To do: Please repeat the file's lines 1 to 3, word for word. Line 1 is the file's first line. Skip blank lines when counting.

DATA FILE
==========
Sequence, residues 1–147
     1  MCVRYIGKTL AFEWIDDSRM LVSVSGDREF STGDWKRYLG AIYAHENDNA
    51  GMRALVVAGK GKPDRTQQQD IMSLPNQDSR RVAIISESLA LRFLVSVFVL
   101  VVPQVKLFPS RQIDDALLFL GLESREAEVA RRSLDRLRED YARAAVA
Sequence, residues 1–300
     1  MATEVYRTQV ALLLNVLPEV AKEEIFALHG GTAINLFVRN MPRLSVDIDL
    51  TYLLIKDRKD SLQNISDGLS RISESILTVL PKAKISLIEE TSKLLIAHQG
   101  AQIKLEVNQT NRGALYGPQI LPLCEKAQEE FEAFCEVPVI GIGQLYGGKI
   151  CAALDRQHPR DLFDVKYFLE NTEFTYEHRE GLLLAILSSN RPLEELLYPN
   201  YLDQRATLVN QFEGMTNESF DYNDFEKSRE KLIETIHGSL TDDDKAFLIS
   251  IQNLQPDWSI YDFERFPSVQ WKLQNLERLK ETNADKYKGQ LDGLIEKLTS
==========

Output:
Sequence, residues 1–147
     1  MCVRYIGKTL AFEWIDDSRM LVSVSGDREF STGDWKRYLG AIYAHENDNA
    51  GMRALVVAGK GKPDRTQQQD IMSLPNQDSR RVAIISESLA LRFLVSVFVL